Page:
WASHINGTON: New data this week highlighted a mood of caution at corporations in major economies as the International Monetary Fund (IMF) warned that the world could sink into recession if the war in Iraq drags on.
US durable goods orders tumbled 1.2% in February, according to the Commerce Department. Weak demand for items such as computers, electronics and machinery weighed orders down, suggesting that businesses remained wary of investing.
In Germany, the closely watched Ifo barometer of business confidence dipped unexpectedly to 88.1 from 88.9. The Ifo data, much of which reflected sentiment before the start of the Iraq war, dashed hopes that Germany’s enfeebled economy was on the mend.
A report from a Japanese credit union showed small firms in that country planned to cut capital spending by 32% in the fiscal year starting in April.
That was worse than the 16.8% year-on-year fall expected this fiscal year, according to a Shoko Chukin survey of about 2,700 companies.
“It’s clear that the world economy is not on a strong footing in the first quarter,” said Lara Rhame, economist at Brown Brothers Harriman and Co in New York.
Amid concerns about the Iraq war’s effect on economic activity, IMF managing director Horst Koehler said a lengthy war risked jeopardising global recovery.
“In the case of a long lasting conflict a global recession can no longer be ruled out,” Koehler was quoted as saying by the weekly German Wirtschaftswoch.
“It depends on how long the war lasts and what damage there is. But even a short war is an additional barrier to a recovery in the global economy. The uncertainty is prolonged. Many market participants will continue to hold back,” he said.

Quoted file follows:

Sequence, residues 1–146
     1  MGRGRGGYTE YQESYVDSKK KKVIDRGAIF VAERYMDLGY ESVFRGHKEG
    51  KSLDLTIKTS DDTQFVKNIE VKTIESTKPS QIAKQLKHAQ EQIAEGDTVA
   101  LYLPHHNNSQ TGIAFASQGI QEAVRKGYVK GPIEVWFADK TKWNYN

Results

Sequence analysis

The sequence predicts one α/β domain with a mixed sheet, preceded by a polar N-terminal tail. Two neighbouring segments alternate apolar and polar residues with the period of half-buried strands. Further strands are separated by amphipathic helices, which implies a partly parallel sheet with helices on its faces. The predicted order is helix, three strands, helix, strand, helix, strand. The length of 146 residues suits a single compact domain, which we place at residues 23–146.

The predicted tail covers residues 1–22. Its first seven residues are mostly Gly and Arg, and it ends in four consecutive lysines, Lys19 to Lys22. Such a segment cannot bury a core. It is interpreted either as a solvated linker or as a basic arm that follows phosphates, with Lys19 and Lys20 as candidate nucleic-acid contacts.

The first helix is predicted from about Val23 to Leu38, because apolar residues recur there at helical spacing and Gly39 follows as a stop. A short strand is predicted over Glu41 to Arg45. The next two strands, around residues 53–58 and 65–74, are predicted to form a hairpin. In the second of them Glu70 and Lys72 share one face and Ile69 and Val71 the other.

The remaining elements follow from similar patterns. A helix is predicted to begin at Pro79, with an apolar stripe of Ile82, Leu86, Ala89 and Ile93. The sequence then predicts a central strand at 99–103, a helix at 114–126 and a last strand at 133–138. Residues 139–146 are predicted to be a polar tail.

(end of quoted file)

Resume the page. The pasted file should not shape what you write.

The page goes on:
Battlefield developments in Iraq have also made financial markets take stock. A powerful equity market rally has stalled, the dollar is treading water and oil prices have edged up – although they remain below peaks hit before the tanks started to roll.
There are also signs that US consumers, faced with mounting job losses, are struggling to keep up with debt payments. The American Bankers Association said credit card delinquencies climbed to 4.07% of all accounts in the fourth quarter, up from 4% in the previous three months.
Two important pieces of economic data still to come this week – the French business climate poll from INSEE and the March University of Michigan sentiment survey – will also include information gathered before the war.
This is making messages from the real economy much harder to fathom, so some central bank policymakers say the only option is to keep their powder dry on interest rate cuts.
“The international situation continues to be unclear. If that doesn’t change, then we will analyse the situation in Rome but will not come to a (rate move) decision,” European Central Bank (ECB) council member Ernst Welteke said.
Welteke’s remarks reinforced market expectations that ECB policymakers would keep interest rates on hold when they meet in Rome on April 3. The ECB last moved on March 6 when it cut key rate to 2.5%. – Reuters
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